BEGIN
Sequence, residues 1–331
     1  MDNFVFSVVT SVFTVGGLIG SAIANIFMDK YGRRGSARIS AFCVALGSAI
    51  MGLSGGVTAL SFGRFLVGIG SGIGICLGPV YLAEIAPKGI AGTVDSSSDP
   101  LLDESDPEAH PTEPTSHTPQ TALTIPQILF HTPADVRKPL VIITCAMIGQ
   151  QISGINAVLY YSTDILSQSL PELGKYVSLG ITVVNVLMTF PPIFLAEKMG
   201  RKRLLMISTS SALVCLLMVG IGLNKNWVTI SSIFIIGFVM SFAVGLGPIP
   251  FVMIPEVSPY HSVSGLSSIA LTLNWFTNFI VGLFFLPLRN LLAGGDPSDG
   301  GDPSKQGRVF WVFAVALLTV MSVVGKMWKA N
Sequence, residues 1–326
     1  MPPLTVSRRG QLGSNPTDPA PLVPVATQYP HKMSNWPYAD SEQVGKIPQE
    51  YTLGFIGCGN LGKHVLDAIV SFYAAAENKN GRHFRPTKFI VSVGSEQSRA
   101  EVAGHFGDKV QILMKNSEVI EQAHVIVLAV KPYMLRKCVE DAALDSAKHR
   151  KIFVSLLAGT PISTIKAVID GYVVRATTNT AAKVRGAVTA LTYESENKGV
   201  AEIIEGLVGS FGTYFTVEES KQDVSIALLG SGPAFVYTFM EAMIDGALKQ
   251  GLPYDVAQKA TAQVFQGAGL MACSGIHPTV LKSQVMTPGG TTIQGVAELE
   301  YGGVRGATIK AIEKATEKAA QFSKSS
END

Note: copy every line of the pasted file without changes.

Sequence, residues 1–331
     1  MDNFVFSVVT SVFTVGGLIG SAIANIFMDK YGRRGSARIS AFCVALGSAI
    51  MGLSGGVTAL SFGRFLVGIG SGIGICLGPV YLAEIAPKGI AGTVDSSSDP
   101  LLDESDPEAH PTEPTSHTPQ TALTIPQILF HTPADVRKPL VIITCAMIGQ
   151  QISGINAVLY YSTDILSQSL PELGKYVSLG ITVVNVLMTF PPIFLAEKMG
   201  RKRLLMISTS SALVCLLMVG IGLNKNWVTI SSIFIIGFVM SFAVGLGPIP
   251  FVMIPEVSPY HSVSGLSSIA LTLNWFTNFI VGLFFLPLRN LLAGGDPSDG
   301  GDPSKQGRVF WVFAVALLTV MSVVGKMWKA N
Sequence, residues 1–326
     1  MPPLTVSRRG QLGSNPTDPA PLVPVATQYP HKMSNWPYAD SEQVGKIPQE
    51  YTLGFIGCGN LGKHVLDAIV SFYAAAENKN GRHFRPTKFI VSVGSEQSRA
   101  EVAGHFGDKV QILMKNSEVI EQAHVIVLAV KPYMLRKCVE DAALDSAKHR
   151  KIFVSLLAGT PISTIKAVID GYVVRATTNT AAKVRGAVTA LTYESENKGV
   201  AEIIEGLVGS FGTYFTVEES KQDVSIALLG SGPAFVYTFM EAMIDGALKQ
   251  GLPYDVAQKA TAQVFQGAGL MACSGIHPTV LKSQVMTPGG TTIQGVAELE
   301  YGGVRGATIK AIEKATEKAA QFSKSS